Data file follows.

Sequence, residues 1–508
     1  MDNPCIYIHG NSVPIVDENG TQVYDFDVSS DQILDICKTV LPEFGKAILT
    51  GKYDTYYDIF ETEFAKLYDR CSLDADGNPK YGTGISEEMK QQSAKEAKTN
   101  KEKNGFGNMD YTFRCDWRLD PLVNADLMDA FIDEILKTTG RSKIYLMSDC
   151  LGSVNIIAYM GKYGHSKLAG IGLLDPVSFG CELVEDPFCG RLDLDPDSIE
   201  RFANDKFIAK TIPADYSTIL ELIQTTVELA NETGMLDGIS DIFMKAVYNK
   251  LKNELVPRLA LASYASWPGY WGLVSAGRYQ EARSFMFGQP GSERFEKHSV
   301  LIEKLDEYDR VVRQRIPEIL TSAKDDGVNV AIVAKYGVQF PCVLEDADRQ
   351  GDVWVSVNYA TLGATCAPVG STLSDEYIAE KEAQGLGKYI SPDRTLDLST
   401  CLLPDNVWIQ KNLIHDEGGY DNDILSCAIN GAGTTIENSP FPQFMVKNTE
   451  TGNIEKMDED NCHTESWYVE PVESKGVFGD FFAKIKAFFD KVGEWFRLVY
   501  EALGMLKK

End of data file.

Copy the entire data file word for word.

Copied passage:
Sequence, residues 1–508
     1  MDNPCIYIHG NSVPIVDENG TQVYDFDVSS DQILDICKTV LPEFGKAILT
    51  GKYDTYYDIF ETEFAKLYDR CSLDADGNPK YGTGISEEMK QQSAKEAKTN
   101  KEKNGFGNMD YTFRCDWRLD PLVNADLMDA FIDEILKTTG RSKIYLMSDC
   151  LGSVNIIAYM GKYGHSKLAG IGLLDPVSFG CELVEDPFCG RLDLDPDSIE
   201  RFANDKFIAK TIPADYSTIL ELIQTTVELA NETGMLDGIS DIFMKAVYNK
   251  LKNELVPRLA LASYASWPGY WGLVSAGRYQ EARSFMFGQP GSERFEKHSV
   301  LIEKLDEYDR VVRQRIPEIL TSAKDDGVNV AIVAKYGVQF PCVLEDADRQ
   351  GDVWVSVNYA TLGATCAPVG STLSDEYIAE KEAQGLGKYI SPDRTLDLST
   401  CLLPDNVWIQ KNLIHDEGGY DNDILSCAIN GAGTTIENSP FPQFMVKNTE
   451  TGNIEKMDED NCHTESWYVE PVESKGVFGD FFAKIKAFFD KVGEWFRLVY
   501  EALGMLKK